hide

Read Next

What Separates a Generalist and a Dabbler?

Kind of a speculative entry today, I don't have a complete answer. I've been trying to crack this nut for a while -

What's the difference between a generalist and a dabbler?

Rather, what separates a generalist from a dabbler?

They're very similar. Both dive into a wide variety of things and affairs. Both pick up new skills regularly, sometimes at the expense of the highest level of mastery in a specialized field.

But we all know people who dabble in this, do a little of that, and never make any contributions. And then, on the other hand, you've got people like Thomas Jefferson and Leonardo da Vinci, who did excellent work in a variety of fields.

Generally Speaking

On Casual Friday in Serioustown

[caption id="attachment_99" align="alignright" width="288"] Leonardo DaVinci, one of history's great Generalists created a little painting called "The Mona Lisa"[/caption]

Lebron James is a beloved individual (outside of Cleveland). He parties, he endorses stuff, and he certainly isn’t short on cash and why is this? Because he’s spectacularly good at one thing. The man is debatably one of the best basketball players of all time and it’s clearly paying dividends. Society is riddled with examples like this; individuals who excel above and beyond others at a single thing. We are also taught, frequently, that hard-work and studious effor in one particular endeavor will make us exceptional individuals.

But growing up, one of my favorite concepts was the “Renaissance Man”. While politically incorrect, the concept was that an admirable quality in a person was possession of… well… all admirable qualities. These individuals would study math, science, history, art, language, and politics, never mastering one but acquiring a deep and interested knowledge of all of them. In a society of specialists and specialized economies, this is a concept that, unfortunately, has fallen by the wayside.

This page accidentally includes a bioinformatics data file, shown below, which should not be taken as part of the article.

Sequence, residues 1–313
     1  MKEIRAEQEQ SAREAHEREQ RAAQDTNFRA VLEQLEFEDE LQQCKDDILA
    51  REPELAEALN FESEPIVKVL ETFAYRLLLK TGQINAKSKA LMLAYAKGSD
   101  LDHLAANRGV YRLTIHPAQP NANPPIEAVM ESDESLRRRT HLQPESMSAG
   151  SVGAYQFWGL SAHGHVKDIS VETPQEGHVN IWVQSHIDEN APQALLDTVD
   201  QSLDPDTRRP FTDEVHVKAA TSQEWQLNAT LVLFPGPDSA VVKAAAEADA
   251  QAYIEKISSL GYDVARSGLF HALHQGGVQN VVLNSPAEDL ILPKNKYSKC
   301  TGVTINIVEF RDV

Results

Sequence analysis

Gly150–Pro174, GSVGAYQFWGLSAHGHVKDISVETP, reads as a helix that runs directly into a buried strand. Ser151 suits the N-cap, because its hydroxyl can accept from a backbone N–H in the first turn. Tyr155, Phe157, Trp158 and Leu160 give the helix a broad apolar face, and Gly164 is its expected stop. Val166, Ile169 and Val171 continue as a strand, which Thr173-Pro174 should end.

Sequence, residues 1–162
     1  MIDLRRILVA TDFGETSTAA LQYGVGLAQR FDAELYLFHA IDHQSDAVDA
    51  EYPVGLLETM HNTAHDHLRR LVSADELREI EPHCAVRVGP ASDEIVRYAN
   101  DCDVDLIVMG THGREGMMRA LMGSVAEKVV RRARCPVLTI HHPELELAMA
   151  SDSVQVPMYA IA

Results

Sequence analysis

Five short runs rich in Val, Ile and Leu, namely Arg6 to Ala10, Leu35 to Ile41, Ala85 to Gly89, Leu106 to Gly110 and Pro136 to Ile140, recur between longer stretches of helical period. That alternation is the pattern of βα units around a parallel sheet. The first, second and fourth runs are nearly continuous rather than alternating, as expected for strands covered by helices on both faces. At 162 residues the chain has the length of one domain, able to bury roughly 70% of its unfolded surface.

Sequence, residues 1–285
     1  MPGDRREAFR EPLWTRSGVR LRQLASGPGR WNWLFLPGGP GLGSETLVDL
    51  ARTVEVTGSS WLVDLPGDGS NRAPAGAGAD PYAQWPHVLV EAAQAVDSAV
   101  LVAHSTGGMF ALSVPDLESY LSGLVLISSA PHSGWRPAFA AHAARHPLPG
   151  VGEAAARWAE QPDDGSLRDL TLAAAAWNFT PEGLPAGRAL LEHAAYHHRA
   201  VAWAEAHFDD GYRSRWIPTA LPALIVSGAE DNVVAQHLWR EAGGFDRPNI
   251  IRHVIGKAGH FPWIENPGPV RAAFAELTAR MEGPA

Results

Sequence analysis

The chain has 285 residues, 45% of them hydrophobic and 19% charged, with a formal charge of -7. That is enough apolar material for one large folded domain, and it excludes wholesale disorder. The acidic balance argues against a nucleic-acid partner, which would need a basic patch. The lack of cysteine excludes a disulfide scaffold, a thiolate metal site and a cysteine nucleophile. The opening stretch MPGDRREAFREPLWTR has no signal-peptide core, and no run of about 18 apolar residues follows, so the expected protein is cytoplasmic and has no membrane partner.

But I’m here to carry its standard. A recent article on 99u entitled Picasso, Kepler, and the Benefits of Being an Expert Generalist noted the myriad benefits to scientific and creative professionals that stem from a broad range of knowledge. The understanding of many topics allows one to draw analogies in other topics, spurring creativity and innovation. Even on a personal level, the idea of being a Generalist is a powerful one. When you think of adjectives to describe yourself or a list of your favorite hobbies, do they all follow a streamlined career or interest path? No. You love many things and so do I.

So embrace that. Get curious and learn about everything that interests you. Do it patiently and with conviction and see the world the way it was meant to be seen: as a proud and sophisticated Renaissance person. You’ll be more interesting and more interested, see and learn things you never thought you would, and enrich your life. Wave your standard high brethren and tell the man where to shove it in two different languages, three different mediums, and with a well-written but emotionally subtle haiku.

Rendering New Theme...